The problem with having anything to do with developers, whether GRA, Risk Capital Partners (says it all?) is that people rightly become cynical about motivation - like City Council's own links with developers Green Square (part of whose operation in and around Oxford was also formerly known as OCHA) and the real or imagined 'back room set-ups' which seem to proliferate the world of developers, land deals, property and the profit and greed motivation. Nor does 'charitable trust' status seem to guarantee that commercial property developers won't try to gain financially - often through 'housing associations' which are not controlled as strictly as - say - local authorities. Little wonder that property development has often been likened to 'snakes and ladders' - or was that local politics, perhaps?
The problem with having anything to do with developers, whether GRA, Risk Capital Partners (says it all?) is that people rightly become cynical about motivation - like City Council's own links with developers Green Square (part of whose operation in and around Oxford was also formerly known as OCHA) and the real or imagined 'back room set-ups' which seem to proliferate the world of developers, land deals, property and the profit and greed motivation. Nor does 'charitable trust' status seem to guarantee that commercial property developers won't try to gain financially - often through 'housing associations' which are not controlled as strictly as - say - local authorities. Little wonder that property development has often been likened to 'snakes and ladders' - or was that local politics, perhaps? Myron Blatz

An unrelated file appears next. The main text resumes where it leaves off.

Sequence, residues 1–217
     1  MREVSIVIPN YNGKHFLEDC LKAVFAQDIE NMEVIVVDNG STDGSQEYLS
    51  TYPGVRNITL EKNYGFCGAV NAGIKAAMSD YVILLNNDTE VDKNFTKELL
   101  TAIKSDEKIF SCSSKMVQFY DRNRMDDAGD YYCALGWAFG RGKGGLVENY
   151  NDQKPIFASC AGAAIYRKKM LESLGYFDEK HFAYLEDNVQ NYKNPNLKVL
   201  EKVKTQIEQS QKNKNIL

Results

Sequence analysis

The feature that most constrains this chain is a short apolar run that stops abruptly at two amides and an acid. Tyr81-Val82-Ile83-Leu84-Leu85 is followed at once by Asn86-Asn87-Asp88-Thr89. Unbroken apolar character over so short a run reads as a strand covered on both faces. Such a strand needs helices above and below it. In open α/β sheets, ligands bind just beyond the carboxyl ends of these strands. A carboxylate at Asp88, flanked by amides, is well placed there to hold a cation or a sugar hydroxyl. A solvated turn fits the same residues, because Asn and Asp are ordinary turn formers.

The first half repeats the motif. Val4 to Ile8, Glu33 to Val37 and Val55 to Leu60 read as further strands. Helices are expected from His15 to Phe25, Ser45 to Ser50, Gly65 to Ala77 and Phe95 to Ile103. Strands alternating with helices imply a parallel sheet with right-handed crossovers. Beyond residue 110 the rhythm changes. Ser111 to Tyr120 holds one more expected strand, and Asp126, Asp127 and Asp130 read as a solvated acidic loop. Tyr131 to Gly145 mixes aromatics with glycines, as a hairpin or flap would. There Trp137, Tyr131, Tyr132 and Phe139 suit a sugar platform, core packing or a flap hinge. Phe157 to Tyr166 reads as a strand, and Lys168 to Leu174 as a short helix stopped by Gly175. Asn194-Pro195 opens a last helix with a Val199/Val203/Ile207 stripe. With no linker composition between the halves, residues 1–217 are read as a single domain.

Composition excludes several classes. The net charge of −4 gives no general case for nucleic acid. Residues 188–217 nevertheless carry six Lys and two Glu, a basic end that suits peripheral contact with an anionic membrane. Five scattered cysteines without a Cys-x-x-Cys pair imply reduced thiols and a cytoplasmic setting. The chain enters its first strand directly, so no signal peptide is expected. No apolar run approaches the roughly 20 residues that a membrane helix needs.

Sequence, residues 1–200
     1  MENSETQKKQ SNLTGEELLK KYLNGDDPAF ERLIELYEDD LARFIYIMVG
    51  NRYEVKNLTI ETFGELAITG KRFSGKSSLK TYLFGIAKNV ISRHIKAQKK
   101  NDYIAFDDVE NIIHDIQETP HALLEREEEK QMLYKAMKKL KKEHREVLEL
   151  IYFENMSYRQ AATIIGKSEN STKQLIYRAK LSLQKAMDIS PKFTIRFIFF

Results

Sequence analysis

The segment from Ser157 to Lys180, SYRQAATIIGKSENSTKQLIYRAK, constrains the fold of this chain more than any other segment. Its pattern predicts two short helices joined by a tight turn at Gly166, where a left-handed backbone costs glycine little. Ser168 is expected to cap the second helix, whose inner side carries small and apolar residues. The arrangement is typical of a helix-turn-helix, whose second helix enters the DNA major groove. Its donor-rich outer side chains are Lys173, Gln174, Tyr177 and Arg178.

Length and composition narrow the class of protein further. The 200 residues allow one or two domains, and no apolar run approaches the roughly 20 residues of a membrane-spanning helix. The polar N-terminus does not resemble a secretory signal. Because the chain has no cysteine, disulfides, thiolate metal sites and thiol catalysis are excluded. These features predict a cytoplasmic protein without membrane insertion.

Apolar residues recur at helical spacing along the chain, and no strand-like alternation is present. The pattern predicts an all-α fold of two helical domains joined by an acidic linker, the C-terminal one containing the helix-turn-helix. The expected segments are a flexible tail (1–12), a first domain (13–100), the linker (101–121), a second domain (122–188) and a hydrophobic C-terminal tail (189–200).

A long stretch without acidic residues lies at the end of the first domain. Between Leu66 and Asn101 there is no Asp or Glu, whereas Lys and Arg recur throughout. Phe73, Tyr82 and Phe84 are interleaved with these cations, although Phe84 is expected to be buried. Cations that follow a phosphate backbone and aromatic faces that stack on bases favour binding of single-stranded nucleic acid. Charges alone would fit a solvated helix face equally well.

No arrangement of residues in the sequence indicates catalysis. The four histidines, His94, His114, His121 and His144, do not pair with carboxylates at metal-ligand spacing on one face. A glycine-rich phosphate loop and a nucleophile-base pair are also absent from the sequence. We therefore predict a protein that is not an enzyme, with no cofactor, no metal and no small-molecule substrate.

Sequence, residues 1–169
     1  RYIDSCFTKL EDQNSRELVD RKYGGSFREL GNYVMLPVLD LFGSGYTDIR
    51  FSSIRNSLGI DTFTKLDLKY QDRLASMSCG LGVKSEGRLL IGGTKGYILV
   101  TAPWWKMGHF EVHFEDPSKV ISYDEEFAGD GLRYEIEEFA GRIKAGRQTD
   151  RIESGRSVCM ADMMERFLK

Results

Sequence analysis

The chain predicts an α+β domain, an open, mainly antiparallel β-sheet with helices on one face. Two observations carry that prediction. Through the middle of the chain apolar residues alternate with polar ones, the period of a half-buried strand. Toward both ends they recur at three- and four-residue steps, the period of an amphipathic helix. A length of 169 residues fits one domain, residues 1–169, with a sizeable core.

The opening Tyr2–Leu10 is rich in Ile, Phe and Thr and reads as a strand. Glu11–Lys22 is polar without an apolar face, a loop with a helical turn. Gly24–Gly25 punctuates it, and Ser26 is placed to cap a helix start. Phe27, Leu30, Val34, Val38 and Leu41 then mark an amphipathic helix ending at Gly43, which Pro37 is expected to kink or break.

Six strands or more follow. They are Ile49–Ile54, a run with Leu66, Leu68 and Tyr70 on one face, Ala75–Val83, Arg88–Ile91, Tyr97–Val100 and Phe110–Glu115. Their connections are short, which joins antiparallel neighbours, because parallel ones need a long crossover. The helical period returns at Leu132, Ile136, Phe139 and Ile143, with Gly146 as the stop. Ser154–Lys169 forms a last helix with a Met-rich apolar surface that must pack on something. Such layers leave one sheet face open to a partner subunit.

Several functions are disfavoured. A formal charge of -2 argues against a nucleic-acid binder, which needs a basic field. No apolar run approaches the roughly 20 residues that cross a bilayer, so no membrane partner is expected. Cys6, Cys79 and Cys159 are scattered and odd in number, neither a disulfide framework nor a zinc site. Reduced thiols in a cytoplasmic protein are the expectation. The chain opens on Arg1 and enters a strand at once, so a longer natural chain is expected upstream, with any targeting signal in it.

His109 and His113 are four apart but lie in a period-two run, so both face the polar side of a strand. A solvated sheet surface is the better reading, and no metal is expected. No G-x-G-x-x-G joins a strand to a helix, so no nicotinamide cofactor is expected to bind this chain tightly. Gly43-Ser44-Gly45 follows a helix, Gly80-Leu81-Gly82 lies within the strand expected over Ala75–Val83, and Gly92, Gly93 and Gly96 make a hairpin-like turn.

3:55pm Tue 4 Dec 12